Journal article

Rapid detection of bacterial resistance to antibiotics using AFM cantilevers as nanomechanical sensors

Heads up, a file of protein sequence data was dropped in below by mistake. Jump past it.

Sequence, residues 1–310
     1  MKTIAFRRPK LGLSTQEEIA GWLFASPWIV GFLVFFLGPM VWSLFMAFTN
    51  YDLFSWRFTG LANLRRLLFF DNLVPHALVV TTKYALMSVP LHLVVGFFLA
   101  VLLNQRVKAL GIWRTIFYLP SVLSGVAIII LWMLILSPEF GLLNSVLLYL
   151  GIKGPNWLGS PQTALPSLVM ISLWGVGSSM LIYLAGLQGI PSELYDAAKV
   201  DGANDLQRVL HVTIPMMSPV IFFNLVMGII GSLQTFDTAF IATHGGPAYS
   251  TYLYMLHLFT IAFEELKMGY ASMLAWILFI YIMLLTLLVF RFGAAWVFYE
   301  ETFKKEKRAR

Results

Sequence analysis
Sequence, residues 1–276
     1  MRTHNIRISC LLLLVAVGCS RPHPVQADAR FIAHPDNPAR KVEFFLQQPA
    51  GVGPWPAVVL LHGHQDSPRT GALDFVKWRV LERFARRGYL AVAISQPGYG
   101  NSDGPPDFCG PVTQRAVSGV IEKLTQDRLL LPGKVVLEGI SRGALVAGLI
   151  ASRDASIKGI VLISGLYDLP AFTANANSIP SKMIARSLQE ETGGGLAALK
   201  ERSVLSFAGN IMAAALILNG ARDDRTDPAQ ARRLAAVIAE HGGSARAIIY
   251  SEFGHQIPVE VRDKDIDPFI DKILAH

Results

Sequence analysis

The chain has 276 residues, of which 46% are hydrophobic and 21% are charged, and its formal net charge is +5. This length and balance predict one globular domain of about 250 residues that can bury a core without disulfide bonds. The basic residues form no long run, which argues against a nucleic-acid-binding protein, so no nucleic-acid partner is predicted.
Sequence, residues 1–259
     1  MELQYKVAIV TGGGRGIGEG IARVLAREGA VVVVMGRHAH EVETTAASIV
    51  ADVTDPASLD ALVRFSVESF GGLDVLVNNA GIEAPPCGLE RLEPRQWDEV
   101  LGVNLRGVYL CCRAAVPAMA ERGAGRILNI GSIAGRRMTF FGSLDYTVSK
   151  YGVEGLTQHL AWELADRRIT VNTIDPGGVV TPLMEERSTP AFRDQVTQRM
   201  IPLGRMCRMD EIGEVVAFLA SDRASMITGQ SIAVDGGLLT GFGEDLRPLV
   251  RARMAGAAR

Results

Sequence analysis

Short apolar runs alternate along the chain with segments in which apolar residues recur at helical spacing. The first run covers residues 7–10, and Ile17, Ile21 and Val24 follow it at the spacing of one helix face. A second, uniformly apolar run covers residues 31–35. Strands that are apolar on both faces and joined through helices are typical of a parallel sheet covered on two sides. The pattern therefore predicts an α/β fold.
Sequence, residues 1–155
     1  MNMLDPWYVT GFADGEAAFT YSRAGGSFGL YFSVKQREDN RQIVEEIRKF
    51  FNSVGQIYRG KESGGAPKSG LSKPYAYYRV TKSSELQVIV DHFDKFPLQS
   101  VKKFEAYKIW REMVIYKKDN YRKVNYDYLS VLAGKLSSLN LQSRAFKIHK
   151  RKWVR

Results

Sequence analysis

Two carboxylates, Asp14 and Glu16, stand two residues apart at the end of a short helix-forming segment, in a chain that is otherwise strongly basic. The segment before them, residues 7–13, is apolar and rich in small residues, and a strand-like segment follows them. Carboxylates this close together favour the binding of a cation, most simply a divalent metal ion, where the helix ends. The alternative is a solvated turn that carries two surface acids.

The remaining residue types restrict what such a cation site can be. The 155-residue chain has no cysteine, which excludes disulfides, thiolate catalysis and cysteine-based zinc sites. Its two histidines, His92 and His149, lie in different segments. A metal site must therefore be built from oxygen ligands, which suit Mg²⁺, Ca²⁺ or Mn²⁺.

The widespread misuse of drugs has increased the number of multiresistant bacteria1, and this means that tools that can rapidly detect and characterize bacterial response to antibiotics are much needed in the management of infections. Various techniques, such as the resazurin-reduction assays2, the myco- bacterial growth indicator tube3 or polymerase chain reaction- based methods4, have been used to investigate bacterial metabolism and its response to drugs. However, many are rela- tively expensive or unable to distinguish between living and dead bacteria. Here we show that the fluctuations of highly sen- sitive atomic force microscope cantilevers can be used to detect low concentrations of bacteria, characterize their metabolism and quantitatively screen (within minutes) their response to antibiotics. We applied this methodology to Escherichia coli and Staphylococcus aureus, showing that live bacteria produced larger cantilever fluctuations than bacteria exposed to anti- biotics. Our preliminary experiments suggest that the fluctu- ation is associated with bacterial metabolism.


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